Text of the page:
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VOD/Virtual Cinema Releases of the Week
Wonders in the Suburbs
There’s a lot of talent in front of writer-director Jeanne Balibar’s camera—including herself—but her painfully leaden comedy backfires, as its jaundiced look at local politics is so heavyhanded that any laughs or insights are buried.
Wasted are Bulle Ogier, Mathieu Amalric and most of all Emmanuelle Beart, who is game as the newly-elected mayor who has difficulties implementing her campaign promises—which include things like Brioche Day—but the actress is defeated by Balibar’s forced whimsy and uncertain tone throughout.
Made in Italy
(Topic/First Look Media)
This frivolously entertaining series that goes behind the scenes at a Milan fashion magazine in the mid-'70s is a showcase for the charming Italian actress Greta Ferro, who plays Irene, a novice who has to juggle her newfound independence and likeminded colleagues with her dull boyfriend and old-fashioned father and mother.
This eight-part series balances Irene’s personal and professional lives with aplomb if a little too patly, and the glimpses of a changing world outside her window—strikes, terrorism, etc.—doesn’t really add or subtract much of anything. Good support comes from the redoubtable Margherita Buy as one of Irene’s superiors in the office.
4K Releases of the Week
Tim Burton’s cartoonish 1988 black comedy is remembered for Michael Keaton’s insane turn as a bio-exorcist for the afterlife; amazingly, Keaton is barely in a film whose 90 silly but funny minutes are taken up by a solid cast of comic actors and straight men and women—Catherine O’Hara, Geena Davis, Winona Ryder, Alec Baldwin, Jeffrey Jones, even Robert Goulet and Dick Cavett.
Of course, Burton’s splendidly skewered visuals are on vivid display, especially in ultra hi-def. Too bad the only extras are three episodes of an animated spinoff series.
This 1985 Steven Spielberg-produced adventure about a group of nerdy teens overcoming the bad guys in their small Oregon town has become a cult film yet remains loud, obnoxious, repetitive, juvenile and for the most part unfunny.
Richard Donner’s frantic direction can’t hide the gaps in Chris Columbus’ script and Spielberg’s own cutesy attitudinizing smothers the game young cast, including Corey Feldman, Josh Brolin, Kerri Green and Martha Plimpton. The film looks impressive in 4K; many extras include commentaries, deleted scenes, a vintage making-of featurette and the music video for Cyndi Lauper’s hit title song. Too bad the recent Zoom reunion of cast and creators wasn’t included at the last minute (but you can find it on YouTube).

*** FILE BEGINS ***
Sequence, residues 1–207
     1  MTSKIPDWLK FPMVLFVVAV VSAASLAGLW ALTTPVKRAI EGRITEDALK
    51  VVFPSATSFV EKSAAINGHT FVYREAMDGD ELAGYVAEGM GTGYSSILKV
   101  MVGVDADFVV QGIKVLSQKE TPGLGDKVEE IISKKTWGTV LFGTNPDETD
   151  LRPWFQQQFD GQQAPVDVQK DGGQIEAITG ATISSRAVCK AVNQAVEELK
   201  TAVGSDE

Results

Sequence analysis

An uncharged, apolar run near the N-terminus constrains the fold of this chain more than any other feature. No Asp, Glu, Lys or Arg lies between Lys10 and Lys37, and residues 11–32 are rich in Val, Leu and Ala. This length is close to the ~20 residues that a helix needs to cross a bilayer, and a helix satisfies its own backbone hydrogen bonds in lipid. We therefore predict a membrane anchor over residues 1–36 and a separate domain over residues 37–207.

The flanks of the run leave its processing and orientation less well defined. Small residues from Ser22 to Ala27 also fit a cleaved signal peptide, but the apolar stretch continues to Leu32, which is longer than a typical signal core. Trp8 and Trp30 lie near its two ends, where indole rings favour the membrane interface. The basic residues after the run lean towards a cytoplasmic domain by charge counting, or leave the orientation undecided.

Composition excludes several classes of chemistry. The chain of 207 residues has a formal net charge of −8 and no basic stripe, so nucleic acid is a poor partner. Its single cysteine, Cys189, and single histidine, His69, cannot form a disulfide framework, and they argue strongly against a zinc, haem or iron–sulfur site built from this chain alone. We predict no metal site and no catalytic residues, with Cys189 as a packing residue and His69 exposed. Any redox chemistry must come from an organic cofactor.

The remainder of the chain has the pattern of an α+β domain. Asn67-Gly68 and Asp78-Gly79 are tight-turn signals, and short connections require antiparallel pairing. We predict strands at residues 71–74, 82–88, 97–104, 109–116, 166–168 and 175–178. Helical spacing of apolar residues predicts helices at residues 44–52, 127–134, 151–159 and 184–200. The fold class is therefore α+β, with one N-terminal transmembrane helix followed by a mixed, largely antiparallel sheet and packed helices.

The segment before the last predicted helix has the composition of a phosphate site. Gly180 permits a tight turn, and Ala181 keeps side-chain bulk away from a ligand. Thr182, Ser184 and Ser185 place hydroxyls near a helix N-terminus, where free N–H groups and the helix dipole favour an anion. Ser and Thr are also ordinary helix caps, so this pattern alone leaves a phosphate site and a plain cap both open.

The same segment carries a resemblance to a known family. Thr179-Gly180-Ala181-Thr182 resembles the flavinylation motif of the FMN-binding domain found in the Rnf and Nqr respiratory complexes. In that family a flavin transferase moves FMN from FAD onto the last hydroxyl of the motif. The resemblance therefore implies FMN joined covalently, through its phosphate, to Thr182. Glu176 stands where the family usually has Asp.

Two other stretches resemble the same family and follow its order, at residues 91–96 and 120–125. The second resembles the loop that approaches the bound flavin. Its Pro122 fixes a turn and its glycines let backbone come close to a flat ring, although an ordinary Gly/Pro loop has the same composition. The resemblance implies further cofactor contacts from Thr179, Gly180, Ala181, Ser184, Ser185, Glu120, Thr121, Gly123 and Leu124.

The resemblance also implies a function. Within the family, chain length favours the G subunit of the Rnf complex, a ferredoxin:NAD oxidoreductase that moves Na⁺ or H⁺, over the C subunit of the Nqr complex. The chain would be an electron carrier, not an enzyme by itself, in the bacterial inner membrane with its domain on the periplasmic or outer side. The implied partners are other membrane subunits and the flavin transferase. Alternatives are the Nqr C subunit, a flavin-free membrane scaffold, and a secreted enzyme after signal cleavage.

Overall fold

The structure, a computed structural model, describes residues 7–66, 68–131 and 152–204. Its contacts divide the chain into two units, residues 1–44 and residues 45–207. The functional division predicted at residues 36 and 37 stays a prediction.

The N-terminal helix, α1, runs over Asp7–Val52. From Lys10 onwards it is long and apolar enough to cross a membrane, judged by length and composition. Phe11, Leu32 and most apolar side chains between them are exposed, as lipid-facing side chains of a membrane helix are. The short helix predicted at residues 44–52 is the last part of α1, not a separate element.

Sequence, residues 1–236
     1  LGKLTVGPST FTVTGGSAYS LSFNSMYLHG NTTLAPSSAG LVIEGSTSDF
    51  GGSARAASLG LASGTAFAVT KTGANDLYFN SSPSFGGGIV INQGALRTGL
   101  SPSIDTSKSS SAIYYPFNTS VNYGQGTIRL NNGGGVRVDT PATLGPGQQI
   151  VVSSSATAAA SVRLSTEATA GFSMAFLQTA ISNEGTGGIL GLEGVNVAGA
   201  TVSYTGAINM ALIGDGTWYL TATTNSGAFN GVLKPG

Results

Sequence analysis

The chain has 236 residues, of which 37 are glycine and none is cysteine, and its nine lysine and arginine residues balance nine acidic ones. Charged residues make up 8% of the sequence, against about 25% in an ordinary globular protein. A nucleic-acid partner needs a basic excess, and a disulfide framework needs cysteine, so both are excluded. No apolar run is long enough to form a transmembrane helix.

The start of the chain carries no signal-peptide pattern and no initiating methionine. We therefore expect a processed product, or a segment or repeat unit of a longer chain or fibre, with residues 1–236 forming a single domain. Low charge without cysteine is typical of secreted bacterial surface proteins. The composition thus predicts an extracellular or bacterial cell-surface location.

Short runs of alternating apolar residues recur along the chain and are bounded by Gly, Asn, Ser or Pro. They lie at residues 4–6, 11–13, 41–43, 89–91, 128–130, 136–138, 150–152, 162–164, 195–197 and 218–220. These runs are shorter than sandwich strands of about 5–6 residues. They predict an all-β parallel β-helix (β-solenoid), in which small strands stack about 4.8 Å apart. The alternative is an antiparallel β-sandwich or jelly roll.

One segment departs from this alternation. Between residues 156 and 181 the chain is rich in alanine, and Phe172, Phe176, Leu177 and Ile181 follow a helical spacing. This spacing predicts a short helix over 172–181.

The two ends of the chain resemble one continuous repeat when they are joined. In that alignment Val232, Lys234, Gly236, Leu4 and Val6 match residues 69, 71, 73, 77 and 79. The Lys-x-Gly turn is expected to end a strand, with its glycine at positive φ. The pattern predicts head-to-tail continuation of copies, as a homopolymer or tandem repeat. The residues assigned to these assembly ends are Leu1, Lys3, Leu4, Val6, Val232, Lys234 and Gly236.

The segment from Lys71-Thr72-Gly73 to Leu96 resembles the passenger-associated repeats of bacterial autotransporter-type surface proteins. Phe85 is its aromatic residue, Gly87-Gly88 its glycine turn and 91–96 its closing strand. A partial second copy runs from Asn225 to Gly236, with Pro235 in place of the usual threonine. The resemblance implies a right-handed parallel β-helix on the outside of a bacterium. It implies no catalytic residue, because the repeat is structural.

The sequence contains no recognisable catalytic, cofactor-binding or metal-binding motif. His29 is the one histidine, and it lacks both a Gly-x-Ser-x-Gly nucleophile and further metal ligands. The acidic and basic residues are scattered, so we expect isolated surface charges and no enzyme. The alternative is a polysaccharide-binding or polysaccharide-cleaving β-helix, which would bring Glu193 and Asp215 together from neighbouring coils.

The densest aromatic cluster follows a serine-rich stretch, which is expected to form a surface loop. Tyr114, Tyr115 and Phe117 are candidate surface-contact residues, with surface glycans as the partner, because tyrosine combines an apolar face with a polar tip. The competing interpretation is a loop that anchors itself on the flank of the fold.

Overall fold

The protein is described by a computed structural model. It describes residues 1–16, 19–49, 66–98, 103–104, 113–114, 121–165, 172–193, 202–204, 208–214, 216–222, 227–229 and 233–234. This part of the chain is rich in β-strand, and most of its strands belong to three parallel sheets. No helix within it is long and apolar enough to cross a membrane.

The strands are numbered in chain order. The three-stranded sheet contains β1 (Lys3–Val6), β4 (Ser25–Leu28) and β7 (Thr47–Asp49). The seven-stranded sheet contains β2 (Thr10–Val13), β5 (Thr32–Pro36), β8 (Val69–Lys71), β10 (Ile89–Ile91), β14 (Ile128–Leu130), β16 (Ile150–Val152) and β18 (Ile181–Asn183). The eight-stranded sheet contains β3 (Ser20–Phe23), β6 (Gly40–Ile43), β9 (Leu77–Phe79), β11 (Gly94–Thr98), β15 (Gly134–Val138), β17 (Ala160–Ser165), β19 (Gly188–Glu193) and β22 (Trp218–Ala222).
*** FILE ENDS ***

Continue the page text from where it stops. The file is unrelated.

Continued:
Blu-ray Releases of the Week
Deep Blue Sea 3
I didn’t even know there was a Deep Blue Sea 2, but here’s another sequel about murderous sharks—what other kind are there?—this time genetically programmed to hunt, kill and eat, which of course puts in peril the workers at a research center in the middle of the ocean.
There are nice underwater sequences, but pitting the good guys vs. the bad guys above water is hopelessly contrived, and the climax is not the dynamic destruction this kind of movie thrives on. There’s a very good Blu-ray transfer and two making-of featurettes.
British soprano Sally Matthews makes a shimmering tragic heroine in Antonin Dvořák’s lovely fantasy opera Rusalka, given an elegant production by Melly Still at last summer’s Glyndebourne Festival in England; conductor Robin Ticciati leads the London Philharmonic Orchestra and Glyndebourne Chorus in a gorgeous reading of Dvořák’s score.
Handel’s classic Messiah—arranged by none other than Mozart—is called Der Messias in this performance from Salzburg, Austria (Mozart’s hometown), early this year. Music and singers are stellar, but the unfortunate staging is by Robert Wilson, whose austere minimalist visual aesthetic transforms the work into static dullness. Both discs have excellent hi-def audio and video; Rusalka has a short making-of.
DVD Release of the Week
Seal Team—Complete 3rd Season
The elite Bravo team is back for its latest high-stakes adventures, starting with a top-secret—and hugely dangerous—mission to Serbia before other deployments in North Yemen, Iran, Liberian, Indonesia and, lastly, Afghanistan.
For 20 episodes, the members of the team (led by Jason Hayes, played with stolid intensity by David Boreanz) must balance the difficulties of their chosen profession with the very real demands of loved ones back home, and if it’s all entirely predictable, the excitement of the action sequences compensate. Extras comprise four on-set featurettes.
CD Release of the Week
Walter Kaufmann—Chamber Works
Even among Eastern European composers whose careers—or their very lives—were destroyed by the Nazis, Walter Kaufmann and his story stand out: born in Czechoslovakia in 1907, Kaufmann moved to Bombay, India, once Hitler came to power and spent the war years there before ending up in Canada, where he conducted the Winnipeg Symphony Orchestra; he finished his career in Bloomington at Indiana University’s School of Music, where his archive—most of the scores of his works are still uncataloged—is held.
Five world premiere recordings of his chamber works (all composed in India) paint a fascinating portrait of an eclectic and serious composer: hints of Eastern music are heard among the standard western classical works of string quartet (two), violin sonata, violin sonatina, and a striking septet for piano and strings. The ARC Ensemble plays impeccably.
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